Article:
Parshat Re’eh: Violence and Vision


This parsha has personal, sentimental significance for me. Several years ago when I begain studying Tanach seriously for the first time it was during this parsha, and it was consequently the first I earnestly struggled with and tried to understand. It is somewhat ironic that it was, because this parsha opens with a “command” from Hashem that I find ¬†repulsive and morally indefensible. That mitzva is to destroy the temples, altars, and images of the resident Canaanites who we dispossessed, according to the story, when we entered Israel as freed slaves.

Utterly destroy, we are told. Burn their sacred trees. We are then told how to offer animal sacrifices to Hashem. We are not to be distracted by the practices of the survivors of the tribes we destroy. We are to be weary of false prophets from amongst our own ranks, and we to kill any Jew who takes up the practices of the tribes we have displaced.

The Parshah then goes on to discuss kosher laws, tzedakah (charity) and the mitzva of the Jubilee year, when all debts are forgiven and all slaves are set free. So on the positive side, in my view, this parsha teaches the essential Jewish mitzva of giving to the needy and the fascinating practice of remitting debts and freeing slaves every seven years (a big shabbat of sorts). As Joshua Berman has recently demonstrated so thoroughly and brilliantly (in Created Equal), these mitzvot were part of the radically egalitarian and utopian vision of Israel.

These teachings are pretty straightforward and worth contemplating personally and politically. The more difficult question is what there is to learn from the violent commandments of this parsha. When I studied this parsha for the first time I interpreted these mitzvot entirely symbolically: sacrifice your lower animal nature, and destroy those things you worship instead of God- the “strange god within you” as the Ba’al Shem Tov creatively interpreted the original commandment.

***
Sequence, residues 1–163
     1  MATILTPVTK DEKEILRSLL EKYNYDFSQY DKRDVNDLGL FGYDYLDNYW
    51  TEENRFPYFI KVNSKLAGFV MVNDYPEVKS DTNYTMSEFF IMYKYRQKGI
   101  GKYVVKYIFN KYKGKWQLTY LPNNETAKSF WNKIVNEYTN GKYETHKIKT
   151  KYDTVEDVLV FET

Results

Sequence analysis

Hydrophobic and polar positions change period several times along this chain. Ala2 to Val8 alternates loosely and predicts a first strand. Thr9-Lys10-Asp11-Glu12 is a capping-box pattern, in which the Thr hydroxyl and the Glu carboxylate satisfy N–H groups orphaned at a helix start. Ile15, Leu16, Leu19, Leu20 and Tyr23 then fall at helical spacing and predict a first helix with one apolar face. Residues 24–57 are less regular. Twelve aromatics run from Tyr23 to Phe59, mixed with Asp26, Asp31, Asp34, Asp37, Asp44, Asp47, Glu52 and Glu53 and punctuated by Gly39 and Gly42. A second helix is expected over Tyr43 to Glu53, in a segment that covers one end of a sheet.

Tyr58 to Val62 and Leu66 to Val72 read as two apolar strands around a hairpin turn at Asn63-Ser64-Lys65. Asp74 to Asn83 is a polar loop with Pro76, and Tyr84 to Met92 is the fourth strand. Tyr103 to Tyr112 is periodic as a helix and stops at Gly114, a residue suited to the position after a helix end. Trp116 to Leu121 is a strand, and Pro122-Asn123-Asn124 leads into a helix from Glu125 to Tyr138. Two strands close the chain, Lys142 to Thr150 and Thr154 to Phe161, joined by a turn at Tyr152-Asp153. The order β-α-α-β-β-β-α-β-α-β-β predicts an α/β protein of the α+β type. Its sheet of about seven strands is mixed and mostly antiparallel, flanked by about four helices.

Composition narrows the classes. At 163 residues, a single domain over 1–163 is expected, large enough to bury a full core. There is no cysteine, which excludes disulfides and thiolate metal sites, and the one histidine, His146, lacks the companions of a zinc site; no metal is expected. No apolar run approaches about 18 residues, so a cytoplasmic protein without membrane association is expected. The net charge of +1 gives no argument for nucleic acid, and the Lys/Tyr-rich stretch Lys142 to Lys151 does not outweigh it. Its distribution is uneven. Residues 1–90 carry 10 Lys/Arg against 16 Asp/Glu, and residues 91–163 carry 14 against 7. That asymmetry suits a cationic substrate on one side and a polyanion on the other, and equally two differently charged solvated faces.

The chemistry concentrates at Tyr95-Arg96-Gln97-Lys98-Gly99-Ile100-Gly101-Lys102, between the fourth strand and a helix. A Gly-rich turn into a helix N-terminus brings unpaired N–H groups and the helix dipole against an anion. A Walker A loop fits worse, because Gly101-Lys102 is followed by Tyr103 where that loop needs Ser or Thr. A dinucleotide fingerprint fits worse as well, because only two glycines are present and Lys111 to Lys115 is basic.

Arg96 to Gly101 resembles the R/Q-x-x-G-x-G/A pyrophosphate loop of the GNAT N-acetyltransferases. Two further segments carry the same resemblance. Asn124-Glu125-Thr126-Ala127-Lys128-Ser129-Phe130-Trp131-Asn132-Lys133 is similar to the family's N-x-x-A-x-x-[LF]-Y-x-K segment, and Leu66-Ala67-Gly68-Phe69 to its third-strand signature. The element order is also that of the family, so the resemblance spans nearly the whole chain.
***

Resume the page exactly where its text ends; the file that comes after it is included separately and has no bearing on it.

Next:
Reading it this cycle, years later, the way I look at Torah has changed. I have gone through the stages of initial romance, marked by hopefulness and blindness to my beloved’s faults; marriage, characterized mostly by trying to find a way to live together; divorce, characterized by seeing all the faults I had repressed in my awareness and the passionate embrace of others; and now rapprochement, in which I have a balanced view of my beloved’s faults and virtues and understand that she will always be a part of me.

In any case, when I read Tanakh now I still look at it symbolically and thoroughly enjoy the non-literal drashes of the Rabbis. I do not shrink from seeing the horrors and the madness of the text, however. The question I am left with now is, what can we learn from an unflinching reading?

First of all, why did the Jews want to eliminate the Canaanites and their practices? The Tanakh suggests that they wanted to eliminate them because they believed they had a divine dispensation to re-settle in Canaan, the land of their forefathers, and create what we would call an enlightened society. The fact that they believed that wholesale slaughter of the natives was justified towards this end I can’t forgive. The best we can say is that it was standard practice in their neighbourhood: the Assyrians or Babylonians did the same and much worse to those they conquered, things too horrifying to bear repeating here. “Standard practice” has never been enough for Jews, however, and I can understand, but not accept, their behaviour on that basis. Certain things are, and must be, forever unacceptable, even if commanded by God.